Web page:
The most amazing feature about the BG finding was its ability to improve very strong interfacial bonds with the surrounding tissues (Joughehdoust and Manafi 2012). Moreover, BG displays the highest in vivo bioactivity index among all bioceramics (Rodriguez-Lorenzo and Gross 2003). In spite of its surprising biocompatibility and the bone-bonding capability, BG has limited requests as a scaffold material due to its poor mechanical properties (Loher 2005). The mixture of bioactive glass particles with fluorapatite affords it special properties such as augmentation of bioactivity and mechanical properties. The purpose of this study is to produce fluorapatite–bioactive glass and comparing its properties with hydroxyapatite/bioactive glass. The present study aims to synthesize and characterize fluorapatite–45S5 bioactive glass nanocomposite by sol–gel method for bone tissue and evaluating their bioactivity using in vitro method. The novelties of this research are the effect of different percentages of fluorapatite for preparing the fluorapatite–bioactive glass 45S5 nanocomposite and investigation of the morphological and microstructural properties. In addition, fluorapatite–45S5 bioactive glass nanocomposites were characterized in terms of degradation by determining the weight change percentages, pH changes, ion release and in terms of the bioactivity by checking the apatite layer formation using a solution of simulated body fluid (SBF). The target of this project is to develop and evaluate a nanosized glass–ceramic composite with the properties close to bone and good biocompatibility for application in dentistry and the orthopedics as a bone constructor.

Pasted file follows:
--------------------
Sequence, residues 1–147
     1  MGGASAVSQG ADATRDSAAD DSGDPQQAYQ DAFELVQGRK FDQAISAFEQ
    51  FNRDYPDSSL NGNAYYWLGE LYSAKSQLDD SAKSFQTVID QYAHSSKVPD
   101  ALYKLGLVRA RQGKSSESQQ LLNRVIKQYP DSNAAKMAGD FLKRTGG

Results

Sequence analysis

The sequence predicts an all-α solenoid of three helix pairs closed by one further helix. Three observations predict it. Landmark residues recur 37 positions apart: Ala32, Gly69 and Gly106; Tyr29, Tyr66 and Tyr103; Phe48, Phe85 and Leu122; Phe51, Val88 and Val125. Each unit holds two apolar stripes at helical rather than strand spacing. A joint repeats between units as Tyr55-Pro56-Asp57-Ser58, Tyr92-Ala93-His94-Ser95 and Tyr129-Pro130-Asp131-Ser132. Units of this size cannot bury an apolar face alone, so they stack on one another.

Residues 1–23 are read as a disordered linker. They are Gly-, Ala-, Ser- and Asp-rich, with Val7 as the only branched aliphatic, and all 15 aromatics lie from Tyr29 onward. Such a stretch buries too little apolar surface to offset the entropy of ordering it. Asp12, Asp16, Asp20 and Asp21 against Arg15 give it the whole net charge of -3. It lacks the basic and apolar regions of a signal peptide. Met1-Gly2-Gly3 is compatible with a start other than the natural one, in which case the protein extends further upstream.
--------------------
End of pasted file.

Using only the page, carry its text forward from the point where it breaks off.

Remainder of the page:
Materials and methods